SEACOM – SD-WAN the future of networks for business

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Software-Defined Networking in a Wide Area Network (SD-WAN) has become an increasingly popular solution when it comes to tackling the complexities that come with remote working and cloud-based applications, both of which have surged in 2020 in no small part to the COVID-19 pandemic.

In fact, the SD-WAN market grew by 50 percent in the last quarter of 2020 and according to Mohammed Mulla, senior product manager at SEACOM, has quickly become the, “future of network management.”

This as Mulla explains is because, “traditional network architectures weren’t designed to handle the workloads or growing complexities that come with the new digital age and lack the visibility and flexibility IT managers need when overseeing an entire network.”

Businesses are leaning into the agility that SD-WAN affords over traditional network solutions, the senior product manager (pictured in header image) explains.

Enabling agility

“When critical business processes rely on various Internet service providers or are distributed across multiple clouds, SD-WAN provides overall visibility of the entire network and allows you to improve end user experience, optimise bandwidth usage, bolster network security, and improve cloud application performance.”

Further unpacking SD-WAN’s rise to prominence of late, Mulla notes that traditional WANs are typically quite rigid and make it difficult for businesses to adopt a multi-vendor strategy.

“While these methods offer limited visibility or control over an entire network, SD-WAN gives you the oversight and the agility to manage traffic over each individual connection. It can also result in cost savings as SD-WAN can move non-critical WAN traffic from more costly private MPLS network paths onto lower-cost broadband Internet,” he adds.

In terms of how this benefits the business, Mulla points out that if an Internet connection goes down for example, IT managers can immediately identify which provider they need to contact, while allowing the system to automatically divert traffic to critical applications without having to reconfigure routers or gateways on an individual basis.

Such functionality would prove highly beneficial to retailers with internet-dependent point of sale setups, or really any business on which transactions or capabilities hinge off of constant and reliable internet connectivity.

“SD-WAN helps by diverting bandwidth away from non-critical applications and towards essential functions (like those point-of-sale applications) so that customer experience is unaffected,” says Mulla.

The SEACOM senior product manager also highlights how SD-WAN can play a role in terms of cloud migration. This as managing different cloud environments and integrating them into an MPLS network presents significant challenges for network architects, according to Mulla.

An evolutionary path

“While broadband Internet could provide additional bandwidth at a lower cost for essential cloud services, this solution lacks the security and reliability of MPLS. SD-WAN solves both problems by creating an overlay across any and all connectivity options to ensure that the cloud applications can be managed with the necessary flexibility and security,” he points out.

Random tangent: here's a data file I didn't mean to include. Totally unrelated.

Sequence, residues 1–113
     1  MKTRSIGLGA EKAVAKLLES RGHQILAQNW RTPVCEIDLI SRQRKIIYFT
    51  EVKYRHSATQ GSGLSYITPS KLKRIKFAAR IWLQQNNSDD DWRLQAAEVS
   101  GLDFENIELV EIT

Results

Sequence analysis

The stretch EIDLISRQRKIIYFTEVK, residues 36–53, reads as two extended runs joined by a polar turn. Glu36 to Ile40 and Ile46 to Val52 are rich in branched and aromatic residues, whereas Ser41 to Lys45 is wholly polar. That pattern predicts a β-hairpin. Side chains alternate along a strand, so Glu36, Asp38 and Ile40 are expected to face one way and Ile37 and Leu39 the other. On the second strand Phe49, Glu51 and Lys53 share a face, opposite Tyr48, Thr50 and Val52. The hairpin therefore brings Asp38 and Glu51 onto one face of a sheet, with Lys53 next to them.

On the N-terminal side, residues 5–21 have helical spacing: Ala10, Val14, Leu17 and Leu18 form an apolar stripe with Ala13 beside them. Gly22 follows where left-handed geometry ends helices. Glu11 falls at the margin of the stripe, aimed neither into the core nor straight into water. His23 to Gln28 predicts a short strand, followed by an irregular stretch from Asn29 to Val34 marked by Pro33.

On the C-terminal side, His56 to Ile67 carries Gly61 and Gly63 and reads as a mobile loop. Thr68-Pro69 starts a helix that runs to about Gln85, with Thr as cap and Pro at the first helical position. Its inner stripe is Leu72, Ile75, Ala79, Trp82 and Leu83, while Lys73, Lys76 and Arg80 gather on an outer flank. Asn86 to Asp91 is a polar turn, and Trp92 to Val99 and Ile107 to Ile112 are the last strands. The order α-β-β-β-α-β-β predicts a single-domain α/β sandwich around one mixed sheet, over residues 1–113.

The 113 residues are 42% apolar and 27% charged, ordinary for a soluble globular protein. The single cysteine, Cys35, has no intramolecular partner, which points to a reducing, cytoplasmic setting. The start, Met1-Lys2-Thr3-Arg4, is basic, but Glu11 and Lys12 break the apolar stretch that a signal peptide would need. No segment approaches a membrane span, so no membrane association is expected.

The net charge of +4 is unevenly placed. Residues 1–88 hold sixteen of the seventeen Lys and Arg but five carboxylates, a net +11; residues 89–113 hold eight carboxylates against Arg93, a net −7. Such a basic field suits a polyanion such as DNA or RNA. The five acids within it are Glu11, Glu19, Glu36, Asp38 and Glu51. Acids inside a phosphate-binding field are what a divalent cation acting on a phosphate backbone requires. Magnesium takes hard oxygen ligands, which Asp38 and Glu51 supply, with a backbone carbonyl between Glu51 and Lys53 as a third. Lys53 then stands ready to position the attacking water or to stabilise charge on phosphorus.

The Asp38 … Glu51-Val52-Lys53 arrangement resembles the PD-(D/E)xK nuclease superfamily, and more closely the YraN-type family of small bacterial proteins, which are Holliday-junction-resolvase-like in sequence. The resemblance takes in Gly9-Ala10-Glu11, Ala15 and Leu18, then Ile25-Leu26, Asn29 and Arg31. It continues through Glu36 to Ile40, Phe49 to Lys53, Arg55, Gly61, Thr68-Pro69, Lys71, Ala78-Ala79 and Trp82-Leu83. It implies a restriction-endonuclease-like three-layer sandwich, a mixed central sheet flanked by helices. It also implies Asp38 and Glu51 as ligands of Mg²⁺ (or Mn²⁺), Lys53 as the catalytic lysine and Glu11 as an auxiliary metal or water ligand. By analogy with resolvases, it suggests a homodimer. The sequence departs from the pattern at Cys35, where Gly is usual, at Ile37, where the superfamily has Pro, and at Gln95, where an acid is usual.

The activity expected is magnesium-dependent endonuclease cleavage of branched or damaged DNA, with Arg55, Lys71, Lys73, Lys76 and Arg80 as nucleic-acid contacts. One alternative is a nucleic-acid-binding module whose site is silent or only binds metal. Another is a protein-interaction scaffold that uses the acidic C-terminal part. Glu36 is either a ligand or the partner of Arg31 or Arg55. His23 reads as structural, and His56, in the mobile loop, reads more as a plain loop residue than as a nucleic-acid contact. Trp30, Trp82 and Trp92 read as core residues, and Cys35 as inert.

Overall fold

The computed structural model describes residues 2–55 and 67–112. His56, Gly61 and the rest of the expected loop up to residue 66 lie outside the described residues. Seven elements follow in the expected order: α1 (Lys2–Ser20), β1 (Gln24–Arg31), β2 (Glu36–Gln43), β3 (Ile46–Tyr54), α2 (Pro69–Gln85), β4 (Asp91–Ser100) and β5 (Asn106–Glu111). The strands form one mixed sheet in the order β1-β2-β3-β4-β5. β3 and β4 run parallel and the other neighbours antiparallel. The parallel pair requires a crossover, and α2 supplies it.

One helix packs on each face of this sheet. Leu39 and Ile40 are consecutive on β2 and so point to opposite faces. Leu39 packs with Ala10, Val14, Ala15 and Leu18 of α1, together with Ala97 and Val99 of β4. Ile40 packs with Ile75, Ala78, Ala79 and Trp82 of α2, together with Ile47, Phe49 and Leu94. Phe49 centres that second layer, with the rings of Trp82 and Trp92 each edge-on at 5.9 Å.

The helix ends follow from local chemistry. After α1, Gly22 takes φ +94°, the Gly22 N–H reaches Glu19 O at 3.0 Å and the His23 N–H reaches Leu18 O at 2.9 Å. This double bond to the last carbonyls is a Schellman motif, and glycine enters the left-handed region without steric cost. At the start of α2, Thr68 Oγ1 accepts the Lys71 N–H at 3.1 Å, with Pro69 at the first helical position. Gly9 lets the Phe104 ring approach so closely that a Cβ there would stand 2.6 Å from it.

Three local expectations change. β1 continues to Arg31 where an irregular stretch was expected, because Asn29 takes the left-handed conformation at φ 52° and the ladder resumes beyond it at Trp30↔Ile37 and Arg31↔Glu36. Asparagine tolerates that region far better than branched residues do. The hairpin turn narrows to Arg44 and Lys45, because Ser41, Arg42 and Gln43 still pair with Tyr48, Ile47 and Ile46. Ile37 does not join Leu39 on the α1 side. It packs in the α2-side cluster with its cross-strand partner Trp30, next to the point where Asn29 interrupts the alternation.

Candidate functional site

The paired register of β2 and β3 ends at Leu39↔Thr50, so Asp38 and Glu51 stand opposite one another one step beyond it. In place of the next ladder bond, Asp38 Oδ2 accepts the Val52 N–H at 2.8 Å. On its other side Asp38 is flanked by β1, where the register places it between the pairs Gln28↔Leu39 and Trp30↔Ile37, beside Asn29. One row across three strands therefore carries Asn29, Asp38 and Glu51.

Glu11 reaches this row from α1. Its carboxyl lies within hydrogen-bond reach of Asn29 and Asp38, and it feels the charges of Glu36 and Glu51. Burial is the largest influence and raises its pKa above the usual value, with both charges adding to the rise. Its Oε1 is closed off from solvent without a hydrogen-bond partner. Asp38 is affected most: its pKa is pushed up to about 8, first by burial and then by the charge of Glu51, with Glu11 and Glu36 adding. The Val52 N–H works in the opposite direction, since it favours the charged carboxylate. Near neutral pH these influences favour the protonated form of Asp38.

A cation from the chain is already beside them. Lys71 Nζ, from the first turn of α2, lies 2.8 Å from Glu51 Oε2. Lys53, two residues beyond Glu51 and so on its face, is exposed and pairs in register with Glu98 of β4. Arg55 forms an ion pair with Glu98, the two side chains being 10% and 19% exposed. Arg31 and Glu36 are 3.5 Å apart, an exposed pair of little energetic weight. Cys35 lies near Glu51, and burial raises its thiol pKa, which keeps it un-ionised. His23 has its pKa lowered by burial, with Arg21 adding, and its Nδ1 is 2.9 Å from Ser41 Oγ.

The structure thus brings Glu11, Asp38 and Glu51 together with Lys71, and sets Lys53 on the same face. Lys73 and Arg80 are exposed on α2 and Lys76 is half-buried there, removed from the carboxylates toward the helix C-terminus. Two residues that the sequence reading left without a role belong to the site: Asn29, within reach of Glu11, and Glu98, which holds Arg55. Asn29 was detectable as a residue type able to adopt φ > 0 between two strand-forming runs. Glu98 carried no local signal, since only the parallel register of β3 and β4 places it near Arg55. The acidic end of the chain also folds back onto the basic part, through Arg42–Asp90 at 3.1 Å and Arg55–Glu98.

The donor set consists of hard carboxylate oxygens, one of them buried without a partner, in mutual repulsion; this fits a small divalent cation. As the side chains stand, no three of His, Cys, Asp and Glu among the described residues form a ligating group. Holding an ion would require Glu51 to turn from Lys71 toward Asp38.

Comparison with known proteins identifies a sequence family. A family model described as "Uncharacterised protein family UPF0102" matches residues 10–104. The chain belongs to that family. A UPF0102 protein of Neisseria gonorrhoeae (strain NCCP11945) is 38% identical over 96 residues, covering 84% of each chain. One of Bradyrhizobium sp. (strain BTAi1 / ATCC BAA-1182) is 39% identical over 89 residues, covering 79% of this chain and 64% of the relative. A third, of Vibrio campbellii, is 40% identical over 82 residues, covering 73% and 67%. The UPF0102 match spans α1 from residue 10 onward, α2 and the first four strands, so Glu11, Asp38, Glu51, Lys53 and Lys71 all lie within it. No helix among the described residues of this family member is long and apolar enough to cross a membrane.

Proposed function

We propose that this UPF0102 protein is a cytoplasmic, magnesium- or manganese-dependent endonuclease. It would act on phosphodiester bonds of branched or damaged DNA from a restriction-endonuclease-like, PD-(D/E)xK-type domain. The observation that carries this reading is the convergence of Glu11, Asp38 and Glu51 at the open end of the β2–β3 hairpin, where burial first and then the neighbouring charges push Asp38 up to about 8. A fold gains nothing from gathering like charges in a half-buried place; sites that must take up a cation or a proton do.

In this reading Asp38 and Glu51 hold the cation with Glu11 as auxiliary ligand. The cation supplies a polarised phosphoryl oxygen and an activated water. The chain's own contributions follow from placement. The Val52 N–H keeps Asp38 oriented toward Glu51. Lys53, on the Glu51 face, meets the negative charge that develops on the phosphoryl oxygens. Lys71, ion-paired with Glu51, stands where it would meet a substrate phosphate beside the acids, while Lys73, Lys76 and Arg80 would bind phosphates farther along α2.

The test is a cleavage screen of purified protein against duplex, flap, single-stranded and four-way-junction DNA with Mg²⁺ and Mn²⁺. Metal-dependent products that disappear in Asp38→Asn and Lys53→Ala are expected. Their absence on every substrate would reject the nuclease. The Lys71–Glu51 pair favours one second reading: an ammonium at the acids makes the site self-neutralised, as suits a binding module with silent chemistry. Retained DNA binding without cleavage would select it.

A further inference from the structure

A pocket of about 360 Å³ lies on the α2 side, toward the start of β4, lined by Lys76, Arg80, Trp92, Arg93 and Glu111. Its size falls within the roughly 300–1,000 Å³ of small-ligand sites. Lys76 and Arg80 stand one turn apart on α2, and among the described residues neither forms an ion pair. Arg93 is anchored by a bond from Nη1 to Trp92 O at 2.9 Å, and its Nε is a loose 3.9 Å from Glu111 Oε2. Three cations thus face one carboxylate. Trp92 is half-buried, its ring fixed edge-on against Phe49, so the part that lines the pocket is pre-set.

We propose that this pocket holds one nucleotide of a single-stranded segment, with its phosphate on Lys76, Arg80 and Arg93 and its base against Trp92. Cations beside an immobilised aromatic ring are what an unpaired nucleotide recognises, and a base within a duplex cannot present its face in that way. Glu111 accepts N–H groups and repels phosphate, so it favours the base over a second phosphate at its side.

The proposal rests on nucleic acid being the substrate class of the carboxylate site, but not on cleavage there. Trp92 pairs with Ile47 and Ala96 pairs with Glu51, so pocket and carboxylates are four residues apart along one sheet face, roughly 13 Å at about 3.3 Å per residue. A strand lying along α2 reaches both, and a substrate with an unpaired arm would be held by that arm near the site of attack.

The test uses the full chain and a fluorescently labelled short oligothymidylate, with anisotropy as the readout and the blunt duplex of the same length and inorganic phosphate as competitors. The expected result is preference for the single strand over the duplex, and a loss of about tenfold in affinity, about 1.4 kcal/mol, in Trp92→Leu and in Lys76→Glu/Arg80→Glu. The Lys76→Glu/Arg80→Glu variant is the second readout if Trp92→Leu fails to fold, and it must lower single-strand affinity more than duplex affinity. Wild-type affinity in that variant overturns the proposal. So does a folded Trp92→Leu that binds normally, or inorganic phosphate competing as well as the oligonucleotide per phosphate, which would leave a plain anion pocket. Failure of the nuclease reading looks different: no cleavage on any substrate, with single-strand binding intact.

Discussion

Sticking with security, SD-WAN as advantages over its traditional counterpart in that respect too, as out of date WANs are no longer an effective solution as they do not have data encryption, visibility, or control. Mulla notes that SD-WAN is on an evolutionary path when it comes to network security.

“More partnerships between SD-WAN vendors and security companies are emerging, bringing built-in security into a company’s network solution. As the SD-WAN ecosystem evolves, many of the inherent SD-WAN security components are beginning to match dedicated security hardware or software solutions as well, which is an important factor to consider when looking at the overall SD-WAN eco-system,” he emphasises.

Looking to the rest of the year, Mulla stresses the importance of businesses looking for the right fit in terms of SD-WAN, as not all are created equal and each vendor’s offering carries with it different pros and cons, so identifying the correct partner is key. 

“Many organisations that do want to move over to SD-WAN are unable to do so because they are tied up in long-term contracts with VPN or MPLS providers. Buying your way out of them is not always an affordable option, but you can try negotiating to gradually shift contracts from traditional VPN network solutions to Internet connectivity instead. That way, businesses might not have to delay cutting data traffic costs and adding vital improvements to their network until their contract runs out years down the line,” he concludes.

With the current business landscape showing no signs of changing from its unpredictable state, SD-WAN looks to be an increasingly important networking solution to adopt.

Robin-Leigh Chetty

Robin-Leigh Chetty

When he's not reviewing the latest smartphones, Robin-Leigh is writing about everything tech-related from IoT and smart cities, to 5G and cloud computing. He's also a keen photographer and dabbles in console games.

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